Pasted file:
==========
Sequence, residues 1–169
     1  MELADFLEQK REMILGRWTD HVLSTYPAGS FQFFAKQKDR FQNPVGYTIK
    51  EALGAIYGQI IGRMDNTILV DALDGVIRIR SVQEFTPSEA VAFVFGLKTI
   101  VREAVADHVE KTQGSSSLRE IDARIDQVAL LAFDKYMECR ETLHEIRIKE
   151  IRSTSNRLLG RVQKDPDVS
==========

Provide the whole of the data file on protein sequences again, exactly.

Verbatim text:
Sequence, residues 1–169
     1  MELADFLEQK REMILGRWTD HVLSTYPAGS FQFFAKQKDR FQNPVGYTIK
    51  EALGAIYGQI IGRMDNTILV DALDGVIRIR SVQEFTPSEA VAFVFGLKTI
   101  VREAVADHVE KTQGSSSLRE IDARIDQVAL LAFDKYMECR ETLHEIRIKE
   151  IRSTSNRLLG RVQKDPDVS